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English, Dutch and French governments authorized the majority of pirates with letters of marque to seize Spanish ships and goods Barbour, States used these paramilitary tools not to enter an official war in the Americas and to take what they wanted: gold, silver, sugar, coffee, indigo, cochineal, rum, and so on.
According to Wallerstein, the long B phase of the seventeenth century to was a period of recession of capitalist world- economy. It was also the period of consolidation in the form and structure of the world-economy Wallerstein, In this period, the state structures were institutionalized by the Peace of Westphalia: As rulers legitimated their respective absolute rights of government over mutually exclusive territories, the principle was established that civilians were not party to the quarrels between sovereigns.
The most important application of this principle was in the field of commerce. In the treaties that followed the Settlement of Westphalia a clause was inserted that aimed at restoring freedom of commerce by abolishing barriers to commerce5… thus [it] found its way into the norms and rules of the European system of nation states… The systemic chaos of the early seventeenth century was thus transformed into a new anarchic order Arrighi, It was in an anarchic order that pirates found themselves supported by centralized political authorities.
Thus, in the period of the Dutch hegemony, the power of Spain along with its monopoly over all aspects of the Americas was broken: the Dutch held the Spanish at bay in the Americas, providing the "naval screen" behind which the English plus the Scots and the French built up colonies of settlement Wallerstein, According to Wallerstein, the hegemony of the Dutch was established because of three factors: 1 the development of technologies in herring gathering and the Dutch supremacy of its commerce, 2 the superiority in agriculture, and 3 the industrial advantage — on textile, shipping, and sugar refinery industries Wallerstein, Moreover, the financial superiority of the United Provinces — by bottomries6, insurances, and brokerage — compared to other European countries was also important in the context of being hegemonic.
In 5He mentions about mainly the barriers that were brought by the monopoly of Spain in the commerce with the Americas. The Netherlands was the hegemonic state of the era in the capitalist world economy after The rapid growth of population in Europe in the last few decades of the sixteenth century and the shortage of food in the Southern Europe in s created a perfect condition for the Dutch to sell the Baltic grain to countries like Italy and Spain in large amounts e.
The science of engineering was used in the supremacy of the Dutch in the context of shipbuilding. Both hemp and flax were used in rope, sail-making, and textile industry. Hops were used in beer-making, and extended southwards, particularly in the seventeenth century with the Dutch advance Braudel, 19 5: 3. Dye was used in the textile industry as a chemical. All of these products affected the lives of pirates and should be mentioned to understand their historical value for this study. Thus, in the first instance, the importance of herring gathering and its relation with the salt trade should be mentioned.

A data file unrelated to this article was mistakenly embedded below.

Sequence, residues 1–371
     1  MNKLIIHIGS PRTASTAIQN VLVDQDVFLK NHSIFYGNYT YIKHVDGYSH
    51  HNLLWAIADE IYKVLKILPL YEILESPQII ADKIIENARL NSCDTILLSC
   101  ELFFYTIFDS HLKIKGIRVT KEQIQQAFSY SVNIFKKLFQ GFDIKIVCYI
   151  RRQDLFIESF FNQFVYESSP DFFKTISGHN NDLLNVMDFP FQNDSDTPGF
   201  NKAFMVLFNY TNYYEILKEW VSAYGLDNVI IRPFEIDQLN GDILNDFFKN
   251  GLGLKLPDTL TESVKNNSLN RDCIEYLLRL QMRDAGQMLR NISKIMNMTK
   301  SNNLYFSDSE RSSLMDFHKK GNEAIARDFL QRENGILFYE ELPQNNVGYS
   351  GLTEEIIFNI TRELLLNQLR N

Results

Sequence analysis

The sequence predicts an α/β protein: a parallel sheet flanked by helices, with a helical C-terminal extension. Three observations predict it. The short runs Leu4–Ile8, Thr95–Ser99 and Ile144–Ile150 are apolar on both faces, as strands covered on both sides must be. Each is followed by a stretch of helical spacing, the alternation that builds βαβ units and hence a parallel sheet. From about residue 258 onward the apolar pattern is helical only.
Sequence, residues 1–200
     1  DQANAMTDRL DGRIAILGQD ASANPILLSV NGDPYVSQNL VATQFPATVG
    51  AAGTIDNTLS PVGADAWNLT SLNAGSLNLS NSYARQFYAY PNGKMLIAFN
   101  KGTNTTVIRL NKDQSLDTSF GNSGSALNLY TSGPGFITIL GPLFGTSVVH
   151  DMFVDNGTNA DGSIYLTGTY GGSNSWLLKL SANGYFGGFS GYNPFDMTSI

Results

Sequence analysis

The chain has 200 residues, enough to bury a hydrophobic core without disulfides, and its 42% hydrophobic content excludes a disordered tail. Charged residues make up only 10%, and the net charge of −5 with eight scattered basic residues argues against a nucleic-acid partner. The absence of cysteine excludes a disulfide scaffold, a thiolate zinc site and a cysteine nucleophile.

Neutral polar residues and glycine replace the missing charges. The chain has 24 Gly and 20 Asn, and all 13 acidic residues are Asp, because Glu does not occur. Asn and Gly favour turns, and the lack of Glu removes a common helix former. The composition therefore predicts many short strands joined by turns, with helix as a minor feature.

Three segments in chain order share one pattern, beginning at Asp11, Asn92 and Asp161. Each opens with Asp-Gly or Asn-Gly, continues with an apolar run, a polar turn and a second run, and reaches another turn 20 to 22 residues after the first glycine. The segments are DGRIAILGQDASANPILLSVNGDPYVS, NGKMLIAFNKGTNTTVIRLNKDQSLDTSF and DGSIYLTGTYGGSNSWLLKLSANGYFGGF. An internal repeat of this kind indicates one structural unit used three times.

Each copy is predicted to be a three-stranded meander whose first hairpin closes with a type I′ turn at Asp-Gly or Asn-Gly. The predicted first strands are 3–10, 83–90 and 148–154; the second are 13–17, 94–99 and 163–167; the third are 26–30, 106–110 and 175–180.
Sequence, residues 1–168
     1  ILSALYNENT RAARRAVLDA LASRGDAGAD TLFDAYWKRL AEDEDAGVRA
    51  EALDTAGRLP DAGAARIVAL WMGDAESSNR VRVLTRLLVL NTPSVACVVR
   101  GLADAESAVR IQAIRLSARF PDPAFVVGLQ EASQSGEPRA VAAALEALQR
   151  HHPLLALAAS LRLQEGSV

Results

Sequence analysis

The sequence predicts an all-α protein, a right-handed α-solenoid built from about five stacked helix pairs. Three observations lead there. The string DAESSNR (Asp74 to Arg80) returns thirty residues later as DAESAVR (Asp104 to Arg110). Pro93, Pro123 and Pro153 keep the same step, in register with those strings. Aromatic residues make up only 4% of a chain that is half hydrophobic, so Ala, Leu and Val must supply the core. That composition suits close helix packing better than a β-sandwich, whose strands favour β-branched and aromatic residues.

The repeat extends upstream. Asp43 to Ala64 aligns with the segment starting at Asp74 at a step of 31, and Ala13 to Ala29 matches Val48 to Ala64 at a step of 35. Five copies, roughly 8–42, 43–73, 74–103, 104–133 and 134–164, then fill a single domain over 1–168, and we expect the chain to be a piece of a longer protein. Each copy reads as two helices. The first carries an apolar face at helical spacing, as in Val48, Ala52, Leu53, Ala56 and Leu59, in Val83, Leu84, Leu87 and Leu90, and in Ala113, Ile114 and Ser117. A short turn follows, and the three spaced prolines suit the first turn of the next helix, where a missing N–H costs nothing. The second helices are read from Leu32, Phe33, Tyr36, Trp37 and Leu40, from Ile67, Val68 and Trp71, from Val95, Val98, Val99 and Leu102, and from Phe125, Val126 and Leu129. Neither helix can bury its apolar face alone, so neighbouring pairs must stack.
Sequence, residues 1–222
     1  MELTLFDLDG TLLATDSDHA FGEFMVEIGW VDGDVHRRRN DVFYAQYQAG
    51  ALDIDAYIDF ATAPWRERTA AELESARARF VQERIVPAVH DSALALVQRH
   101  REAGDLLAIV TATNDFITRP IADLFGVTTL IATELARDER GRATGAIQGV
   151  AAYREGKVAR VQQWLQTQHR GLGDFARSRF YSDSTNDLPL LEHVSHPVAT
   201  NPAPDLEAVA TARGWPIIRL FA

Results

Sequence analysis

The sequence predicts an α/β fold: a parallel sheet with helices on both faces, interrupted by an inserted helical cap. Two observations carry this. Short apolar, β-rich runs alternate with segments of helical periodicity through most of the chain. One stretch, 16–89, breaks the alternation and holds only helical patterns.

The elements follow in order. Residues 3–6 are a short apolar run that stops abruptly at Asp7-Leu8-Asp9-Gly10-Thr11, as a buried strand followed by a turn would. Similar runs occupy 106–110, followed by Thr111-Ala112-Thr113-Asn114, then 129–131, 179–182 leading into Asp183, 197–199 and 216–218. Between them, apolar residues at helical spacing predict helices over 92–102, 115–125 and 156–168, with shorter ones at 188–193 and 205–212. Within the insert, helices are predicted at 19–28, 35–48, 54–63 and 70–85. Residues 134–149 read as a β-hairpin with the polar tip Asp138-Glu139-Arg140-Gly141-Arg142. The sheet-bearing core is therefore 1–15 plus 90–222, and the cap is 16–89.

The importance of herring trade for the United Provinces can be seen in the Dutch saying such as: Al is de Sallem schoon, Da Haering spant de Kroon the salmon may be beautiful, the herring surpasses all , or as in another Dutch saying: the herring fishery was the mother of all commerce Goslinga, Yet, why was the herring commerce so important for the Dutch?
Yet, it was in the so-called the Golden Age of Sail that the major transportation link of the capitalist world-economy at that time was the sailing ship. Almost all the trade with colonies was depended on these sailing ships, and its crew and cargo to reach safely and soundly to its destination. The salted and barreled herring was important for these voyages and highly demanded. Braudel claimed in the first volume of his trilogy, Civilization and Capitalism that herrings were exported to western and southern Europe by sea, along rivers, by carriage and by pack animals Braudel, The monthly food portions of the House of Correction in Copenhagen included 20 lb herring and 3 lb dried fish7, and the diet sheet of the House of Correction in Bury St.
However, the problem was that in order to preserve it in the ships these herring had to be salted. Thus, the United Provinces needed to find sources of salt. Zeeland was famous for its process for whitening salt which were in demand all over Europe. In order to find the sources of salt, the Dutch sailed to south to the Salt Islands, also known as the Cape Verde Islands, and eventually to West Indies. As early as March, , privateering commissions for salt ships were issued in great numbers and the total annual tonnage of these privateering ventures reached thirty thousand tons and probably exceeded Goslinga, Those privateering activities for salt were held in places like Punta de Araya Venezuela , Tortuga, and St.
Martin Puerto Rico , and because of those activities, between and , the size of herring fleet grew from ships to more than 4, Goslinga, , Those ships called haringbuis, or buss, had similar characteristics with ships that pirates used near Tortuga in the mid- seventeenth century: great maneuverability, seaworthiness, and speed Wallerstein, ; Not only Dutch burghers used this dye: The result was that many of the finest drapes, silks and tapestries of Europe depended upon the Indians of Mexico, Guatemala, and later Peru for their eye-catching crimsons and scarlets.